There once was a British business man, Evan Geeza who prided himself on his own hard work and stringent economic values. He had worked his way up from sweeping the kitchen floor to becoming CEO of a micro company that manufactured and distributed desserts. Founded in 1980, Trifles, Ice-creams & Meringues (TIM) were now embracing the modern age with three computers, each running Windows 7.
In the last twenty years, Evan had reluctantly moved from filing cabinets to databases and from letters to emails, and in the last five years, he was allowing customers to place their orders on his website and his two employees to work from home when they were seriously ill. The last time he backed up any data was in 1986 and he still keeps that floppy disc under the sink, but on the whole, he preferred to focus on the stiff shining peaks of his whipped egg whites rather than antivirus and the consistency of custard, jelly and cream instead of automatic updates. Evan had not even spared a thought for the security of their company password, ‘Dickens ’.
Earlier that year, Evan’s business rival had gone bust following a major cyber breach and a £200,000 fine from the ICO. But Evan reassured himself that it must have been his own fault for trusting his employees too much or having too many modern computers.
One night Mr Geeza was visited by a spirit, it was the ghost of analogue business. He was shown a nostalgic vision of a simpler time where business men like himself could dictate letters to their secretary, smoke in the office and drink at lunch time. He was fondly reminded of an era where people used to finish work at 5pm and go home to watch Knight Rider on TV.
The next night, Evan was visited by a second spirit, the ghost of the post covid, digitally transformed business landscape of the present day. He sighed deeply as he was shown unskilled cyber attackers from all around the world using easy to access and cheap tools to create phishing attacks and ‘hacking as a service’. He saw businesses of every size getting breached, losing control of their customer data, struggling to keep running or having to close. He saw the victims of these crimes, everyday customers who became victims of more targeted attacks, fraud and identity theft.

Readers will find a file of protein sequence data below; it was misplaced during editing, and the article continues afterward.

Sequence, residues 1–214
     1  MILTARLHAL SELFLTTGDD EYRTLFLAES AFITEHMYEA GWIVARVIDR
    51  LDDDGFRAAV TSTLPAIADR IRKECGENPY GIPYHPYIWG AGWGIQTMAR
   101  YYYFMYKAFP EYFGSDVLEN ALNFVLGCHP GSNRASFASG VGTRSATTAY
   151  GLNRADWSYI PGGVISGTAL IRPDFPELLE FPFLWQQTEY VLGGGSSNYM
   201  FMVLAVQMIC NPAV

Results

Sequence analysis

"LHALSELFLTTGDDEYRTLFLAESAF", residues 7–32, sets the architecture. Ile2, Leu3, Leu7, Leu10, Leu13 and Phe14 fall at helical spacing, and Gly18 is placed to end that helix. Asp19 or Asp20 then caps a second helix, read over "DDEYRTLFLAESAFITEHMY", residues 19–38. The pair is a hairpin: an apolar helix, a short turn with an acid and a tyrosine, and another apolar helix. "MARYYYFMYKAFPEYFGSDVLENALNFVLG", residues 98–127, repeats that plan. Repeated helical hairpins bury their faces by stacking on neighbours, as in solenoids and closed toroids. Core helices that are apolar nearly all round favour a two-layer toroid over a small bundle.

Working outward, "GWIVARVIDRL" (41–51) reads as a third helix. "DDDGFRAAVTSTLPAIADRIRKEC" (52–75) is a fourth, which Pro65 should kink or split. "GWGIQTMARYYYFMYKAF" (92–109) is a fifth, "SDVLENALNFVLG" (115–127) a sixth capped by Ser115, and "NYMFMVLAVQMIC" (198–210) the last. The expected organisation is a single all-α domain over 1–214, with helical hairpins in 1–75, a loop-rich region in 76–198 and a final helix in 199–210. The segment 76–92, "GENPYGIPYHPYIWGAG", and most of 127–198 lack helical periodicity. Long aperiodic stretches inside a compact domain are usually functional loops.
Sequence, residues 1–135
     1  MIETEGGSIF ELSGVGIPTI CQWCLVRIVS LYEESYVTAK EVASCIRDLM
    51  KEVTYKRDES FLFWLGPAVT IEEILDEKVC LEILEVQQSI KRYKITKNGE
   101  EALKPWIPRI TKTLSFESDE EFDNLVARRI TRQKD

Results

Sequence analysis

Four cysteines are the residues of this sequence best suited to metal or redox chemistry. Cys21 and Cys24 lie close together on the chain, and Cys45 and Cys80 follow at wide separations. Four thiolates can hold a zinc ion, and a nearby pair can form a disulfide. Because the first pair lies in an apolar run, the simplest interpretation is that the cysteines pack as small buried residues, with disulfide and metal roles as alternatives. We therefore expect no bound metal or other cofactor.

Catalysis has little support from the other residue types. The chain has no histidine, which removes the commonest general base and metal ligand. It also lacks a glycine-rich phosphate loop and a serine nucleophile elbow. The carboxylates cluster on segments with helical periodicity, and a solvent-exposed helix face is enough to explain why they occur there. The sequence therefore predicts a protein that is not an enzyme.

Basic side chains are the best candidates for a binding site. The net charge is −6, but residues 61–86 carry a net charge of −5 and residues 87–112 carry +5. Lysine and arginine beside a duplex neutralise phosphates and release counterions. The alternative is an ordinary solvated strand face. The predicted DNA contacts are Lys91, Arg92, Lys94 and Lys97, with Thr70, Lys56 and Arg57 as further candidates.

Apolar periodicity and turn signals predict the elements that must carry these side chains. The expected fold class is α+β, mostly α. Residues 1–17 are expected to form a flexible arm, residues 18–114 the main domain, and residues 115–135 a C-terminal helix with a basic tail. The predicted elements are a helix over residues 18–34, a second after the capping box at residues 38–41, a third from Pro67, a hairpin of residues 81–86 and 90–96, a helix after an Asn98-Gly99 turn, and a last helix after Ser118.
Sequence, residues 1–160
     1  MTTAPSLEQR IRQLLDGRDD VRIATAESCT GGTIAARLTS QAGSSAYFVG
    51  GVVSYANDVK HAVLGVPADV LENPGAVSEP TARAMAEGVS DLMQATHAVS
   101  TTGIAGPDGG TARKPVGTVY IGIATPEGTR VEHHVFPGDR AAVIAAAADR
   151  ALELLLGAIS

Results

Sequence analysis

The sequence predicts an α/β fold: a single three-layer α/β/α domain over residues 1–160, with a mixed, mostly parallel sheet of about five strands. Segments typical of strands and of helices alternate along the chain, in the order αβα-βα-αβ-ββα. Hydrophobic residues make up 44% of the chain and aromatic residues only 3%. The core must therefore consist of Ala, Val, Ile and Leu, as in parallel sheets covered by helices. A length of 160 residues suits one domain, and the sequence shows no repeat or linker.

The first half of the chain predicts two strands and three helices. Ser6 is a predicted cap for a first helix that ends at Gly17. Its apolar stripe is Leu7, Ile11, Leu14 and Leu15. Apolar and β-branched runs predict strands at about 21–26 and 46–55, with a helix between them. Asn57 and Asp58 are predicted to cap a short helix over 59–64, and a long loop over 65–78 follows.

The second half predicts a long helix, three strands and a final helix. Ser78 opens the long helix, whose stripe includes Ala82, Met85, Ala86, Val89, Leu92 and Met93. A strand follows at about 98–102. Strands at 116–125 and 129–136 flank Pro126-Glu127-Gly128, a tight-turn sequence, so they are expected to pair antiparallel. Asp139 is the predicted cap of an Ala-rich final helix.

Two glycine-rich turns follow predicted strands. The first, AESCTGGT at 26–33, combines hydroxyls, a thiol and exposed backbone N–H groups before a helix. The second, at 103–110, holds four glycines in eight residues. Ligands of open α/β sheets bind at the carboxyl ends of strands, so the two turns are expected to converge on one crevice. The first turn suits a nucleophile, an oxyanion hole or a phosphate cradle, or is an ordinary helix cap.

On the third night, Evan Geeza was visited by a spirit, this time, it was the ghost of business yet to come. The spirit showed Evan a vision of his future where his whisks, his fridges and his kitchens were gone, his website was gone, his livelihood had disappeared. In despair, Evan quickly searched on Google for Trifles, Ice-creams & Meringues. Sure enough, he found his answer. There were two entries; the first a headline from Essex weekly, “RIP Tiny Tim, Business closes after 50 years”. The second, an excerpt from Bakeryinfo, “TIM gets it’s just desserts –Pudding company folds after ransomware attack. Basic cyber security could have saved them, say experts”.
The next morning, Evan Geeza awakens a changed man. He decides to break a habit of a lifetime and ask for some help. Being a technical question, he rings his teenage niece who tells him to look on the NCSC website. From there, Evan identifies Cyber Essentials as a basic framework for a small business to follow and a way to demonstrate to others his new security priorities. Located in his town, a security expert from one of IASME’s Certification Bodies is able to work with TIM to over haul their cyber security and in doing so, change their fate.
The fate of TIM was not the only thing that changed that year, Evan Geeza embraced his cyber security journey, upgraded his tech and traded his Ford in for a Tesla. By facing his blind spot, and making his business more secure, Evan felt a renewed sense of wellbeing and this helped him take a few more risks in other ways.